For Immediate Release: October 27, 2016
Contact: Charles Pyle, Director of Communications, 804-371-2420
Virginia Students Earn Top Science Marks
Virginia Fourth Graders Tie for Highest Achieving in Nation
RICHMOND, Va. – Results of 2015 national science tests announced today show that Virginia public school students are among the highest achieving in the nation in the subject, far outperforming their peers nationwide and in most other states.
The average science scores of Virginia fourth-grade and eighth-grade students on the 2015 National Assessment of Educational Progress (NAEP) – also known as "The Nation’s Report Card" – were significantly higher than the averages of their national peers.
- 50 percent of Virginia fourth-grade students met or exceeded the rigorous NAEP proficiency standard in science, compared with 37 percent nationwide.
- Virginia fourth graders achieved an average score of 165 on the national science test, with no state performing at a statistically higher level. Nationwide, the average score for fourth-grade public school students was 153.
- 40 percent of the commonwealth’s grade-8 students met or exceeded the NAEP proficiency standard, compared with 33 percent nationwide.
- Virginia eighth graders achieved an average score of 160, compared with a national average of 153. Students in only three states performed at a statistically higher level.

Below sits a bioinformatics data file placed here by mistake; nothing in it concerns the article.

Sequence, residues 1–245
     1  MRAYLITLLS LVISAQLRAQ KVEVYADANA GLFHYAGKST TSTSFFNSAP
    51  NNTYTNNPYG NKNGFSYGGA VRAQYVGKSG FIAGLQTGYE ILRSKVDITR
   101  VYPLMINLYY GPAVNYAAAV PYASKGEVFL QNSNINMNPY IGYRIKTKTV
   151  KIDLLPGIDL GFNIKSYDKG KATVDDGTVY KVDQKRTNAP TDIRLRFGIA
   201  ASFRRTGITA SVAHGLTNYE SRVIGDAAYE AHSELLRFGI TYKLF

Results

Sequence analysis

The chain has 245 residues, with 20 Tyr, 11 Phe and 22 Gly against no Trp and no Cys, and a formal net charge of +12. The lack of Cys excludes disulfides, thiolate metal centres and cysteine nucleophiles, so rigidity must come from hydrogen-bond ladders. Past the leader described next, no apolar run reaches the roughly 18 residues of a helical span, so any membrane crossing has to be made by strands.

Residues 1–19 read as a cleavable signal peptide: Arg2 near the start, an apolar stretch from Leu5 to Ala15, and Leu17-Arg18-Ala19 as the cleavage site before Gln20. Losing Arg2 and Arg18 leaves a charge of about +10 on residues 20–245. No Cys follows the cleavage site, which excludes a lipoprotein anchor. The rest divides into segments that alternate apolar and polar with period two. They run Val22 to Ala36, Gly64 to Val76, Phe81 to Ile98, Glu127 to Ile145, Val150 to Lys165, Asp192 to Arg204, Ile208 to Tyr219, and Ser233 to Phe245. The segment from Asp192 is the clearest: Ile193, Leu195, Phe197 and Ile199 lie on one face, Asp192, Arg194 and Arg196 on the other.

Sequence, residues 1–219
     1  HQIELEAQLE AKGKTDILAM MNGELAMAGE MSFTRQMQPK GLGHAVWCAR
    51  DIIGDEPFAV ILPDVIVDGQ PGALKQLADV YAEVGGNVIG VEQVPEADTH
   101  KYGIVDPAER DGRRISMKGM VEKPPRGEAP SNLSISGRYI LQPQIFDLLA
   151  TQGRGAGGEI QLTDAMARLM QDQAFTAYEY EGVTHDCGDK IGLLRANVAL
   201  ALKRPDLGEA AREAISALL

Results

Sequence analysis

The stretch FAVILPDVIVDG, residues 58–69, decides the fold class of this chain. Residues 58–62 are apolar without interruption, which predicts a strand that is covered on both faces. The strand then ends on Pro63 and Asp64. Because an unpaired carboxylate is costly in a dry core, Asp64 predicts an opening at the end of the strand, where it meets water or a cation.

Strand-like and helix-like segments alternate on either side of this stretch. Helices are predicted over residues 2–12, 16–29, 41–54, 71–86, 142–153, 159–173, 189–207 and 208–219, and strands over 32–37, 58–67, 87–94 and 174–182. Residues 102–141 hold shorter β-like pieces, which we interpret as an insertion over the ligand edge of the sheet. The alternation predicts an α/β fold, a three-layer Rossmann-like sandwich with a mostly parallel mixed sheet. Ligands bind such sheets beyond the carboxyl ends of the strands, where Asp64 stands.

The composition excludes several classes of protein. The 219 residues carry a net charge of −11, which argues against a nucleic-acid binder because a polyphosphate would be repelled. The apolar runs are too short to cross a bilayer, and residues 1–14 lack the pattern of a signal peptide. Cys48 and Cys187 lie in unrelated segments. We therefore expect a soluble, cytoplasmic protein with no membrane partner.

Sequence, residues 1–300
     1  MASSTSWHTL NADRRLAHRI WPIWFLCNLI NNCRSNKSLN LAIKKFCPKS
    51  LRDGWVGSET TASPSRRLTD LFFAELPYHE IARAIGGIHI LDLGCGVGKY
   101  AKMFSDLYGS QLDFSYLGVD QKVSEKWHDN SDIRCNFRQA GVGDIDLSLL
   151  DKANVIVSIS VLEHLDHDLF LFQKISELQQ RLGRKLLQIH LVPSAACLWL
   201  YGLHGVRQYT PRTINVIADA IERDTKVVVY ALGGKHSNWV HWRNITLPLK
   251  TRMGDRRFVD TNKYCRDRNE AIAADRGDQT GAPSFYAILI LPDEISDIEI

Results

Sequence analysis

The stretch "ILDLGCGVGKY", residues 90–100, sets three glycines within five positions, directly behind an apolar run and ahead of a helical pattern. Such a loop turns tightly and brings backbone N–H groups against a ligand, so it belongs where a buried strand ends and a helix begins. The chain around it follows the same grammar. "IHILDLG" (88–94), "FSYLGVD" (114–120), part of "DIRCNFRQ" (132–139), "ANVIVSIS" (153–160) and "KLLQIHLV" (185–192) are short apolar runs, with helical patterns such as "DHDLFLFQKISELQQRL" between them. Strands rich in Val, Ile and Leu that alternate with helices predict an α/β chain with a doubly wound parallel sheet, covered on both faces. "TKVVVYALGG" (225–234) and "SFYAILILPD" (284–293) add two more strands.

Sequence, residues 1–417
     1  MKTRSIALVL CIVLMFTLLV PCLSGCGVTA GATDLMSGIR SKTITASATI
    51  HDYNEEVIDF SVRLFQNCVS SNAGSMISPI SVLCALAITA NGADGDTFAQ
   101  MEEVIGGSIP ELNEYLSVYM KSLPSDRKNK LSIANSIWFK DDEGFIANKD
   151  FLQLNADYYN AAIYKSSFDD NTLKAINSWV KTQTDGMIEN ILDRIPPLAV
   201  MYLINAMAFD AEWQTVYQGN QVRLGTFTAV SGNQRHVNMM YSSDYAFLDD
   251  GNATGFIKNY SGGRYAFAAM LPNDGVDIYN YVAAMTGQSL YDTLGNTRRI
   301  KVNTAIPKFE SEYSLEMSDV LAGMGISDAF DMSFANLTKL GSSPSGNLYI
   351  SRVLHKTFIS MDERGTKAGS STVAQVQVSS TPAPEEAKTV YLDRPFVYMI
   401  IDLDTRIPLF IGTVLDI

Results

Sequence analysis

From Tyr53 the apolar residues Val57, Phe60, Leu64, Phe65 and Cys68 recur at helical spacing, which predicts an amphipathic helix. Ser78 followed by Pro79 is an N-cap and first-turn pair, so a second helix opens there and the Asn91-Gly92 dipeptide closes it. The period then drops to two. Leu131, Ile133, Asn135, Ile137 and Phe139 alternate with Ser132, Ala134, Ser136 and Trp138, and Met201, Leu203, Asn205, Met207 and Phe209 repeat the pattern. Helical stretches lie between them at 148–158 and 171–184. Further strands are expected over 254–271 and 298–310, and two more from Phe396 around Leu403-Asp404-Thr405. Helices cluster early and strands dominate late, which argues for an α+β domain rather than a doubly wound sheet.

“Virginia’s science standards require students to investigate and understand scientific concepts and then apply what they have learned,” Superintendent of Public Instruction Steven R. Staples said. “The commonwealth also has made significant investments in programs to increase the content knowledge of teachers and equip them with the ability to tap into their students’ sense of wonder, whether they are teaching in the classroom or in the field.”
Black and Hispanic students in Virginia in both grades outperformed their nationwide peers and their peers in most other states. The 2015 science tests, however, produced no significant changes in the gaps separating the achievement of these students with that of white students in the commonwealth.
- 23 percent of black fourth graders, and 32 percent of Hispanic fourth graders achieved at or above the proficient level, compared with 63 percent of white fourth-grade students.
- 14 percent of black eighth graders, and 23 percent of Hispanic eighth graders achieved at or above proficiency, compared with 52 percent of white eighth-grade students.
“Narrowing and ultimately closing these achievement gaps in science and other subjects is the great challenge facing the public schools of Virginia and of every other state,” Secretary of Education Dietra Y. Trent said. “Our teachers and schools must have the resources they need to close these gaps and prepare all of our students to succeed in the new Virginia economy.”
NAEP is the only nationally representative test of what American students know and can do in various subject areas. The 2015 NAEP science tests were administered in Virginia to approximately 2,300 fourth graders in 99 schools, and to approximately 2,300 eighth graders in 87 schools. The next administration of the science NAEP is scheduled for 2019.